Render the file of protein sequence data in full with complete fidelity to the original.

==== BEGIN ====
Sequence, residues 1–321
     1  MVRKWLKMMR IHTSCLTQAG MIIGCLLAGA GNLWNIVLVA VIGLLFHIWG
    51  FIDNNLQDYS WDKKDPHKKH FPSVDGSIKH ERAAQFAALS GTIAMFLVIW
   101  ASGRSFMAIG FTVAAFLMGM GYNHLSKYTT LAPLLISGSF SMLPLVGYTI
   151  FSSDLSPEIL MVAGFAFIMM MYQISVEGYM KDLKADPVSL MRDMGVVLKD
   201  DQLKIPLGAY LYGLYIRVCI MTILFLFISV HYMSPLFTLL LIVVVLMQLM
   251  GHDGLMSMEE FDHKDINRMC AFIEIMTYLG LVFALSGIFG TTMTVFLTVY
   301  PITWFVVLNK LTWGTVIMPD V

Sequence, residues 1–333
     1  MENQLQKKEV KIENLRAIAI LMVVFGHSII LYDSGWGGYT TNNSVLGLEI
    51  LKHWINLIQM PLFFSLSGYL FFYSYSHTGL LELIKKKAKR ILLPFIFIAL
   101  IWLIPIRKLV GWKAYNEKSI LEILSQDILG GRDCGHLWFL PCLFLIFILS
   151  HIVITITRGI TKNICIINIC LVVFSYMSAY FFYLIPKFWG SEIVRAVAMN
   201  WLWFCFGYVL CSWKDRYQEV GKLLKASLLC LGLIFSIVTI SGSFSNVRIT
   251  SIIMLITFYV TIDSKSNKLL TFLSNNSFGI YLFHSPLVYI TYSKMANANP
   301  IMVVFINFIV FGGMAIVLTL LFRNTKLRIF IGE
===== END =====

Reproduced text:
Sequence, residues 1–321
     1  MVRKWLKMMR IHTSCLTQAG MIIGCLLAGA GNLWNIVLVA VIGLLFHIWG
    51  FIDNNLQDYS WDKKDPHKKH FPSVDGSIKH ERAAQFAALS GTIAMFLVIW
   101  ASGRSFMAIG FTVAAFLMGM GYNHLSKYTT LAPLLISGSF SMLPLVGYTI
   151  FSSDLSPEIL MVAGFAFIMM MYQISVEGYM KDLKADPVSL MRDMGVVLKD
   201  DQLKIPLGAY LYGLYIRVCI MTILFLFISV HYMSPLFTLL LIVVVLMQLM
   251  GHDGLMSMEE FDHKDINRMC AFIEIMTYLG LVFALSGIFG TTMTVFLTVY
   301  PITWFVVLNK LTWGTVIMPD V

Sequence, residues 1–333
     1  MENQLQKKEV KIENLRAIAI LMVVFGHSII LYDSGWGGYT TNNSVLGLEI
    51  LKHWINLIQM PLFFSLSGYL FFYSYSHTGL LELIKKKAKR ILLPFIFIAL
   101  IWLIPIRKLV GWKAYNEKSI LEILSQDILG GRDCGHLWFL PCLFLIFILS
   151  HIVITITRGI TKNICIINIC LVVFSYMSAY FFYLIPKFWG SEIVRAVAMN
   201  WLWFCFGYVL CSWKDRYQEV GKLLKASLLC LGLIFSIVTI SGSFSNVRIT
   251  SIIMLITFYV TIDSKSNKLL TFLSNNSFGI YLFHSPLVYI TYSKMANANP
   301  IMVVFINFIV FGGMAIVLTL LFRNTKLRIF IGE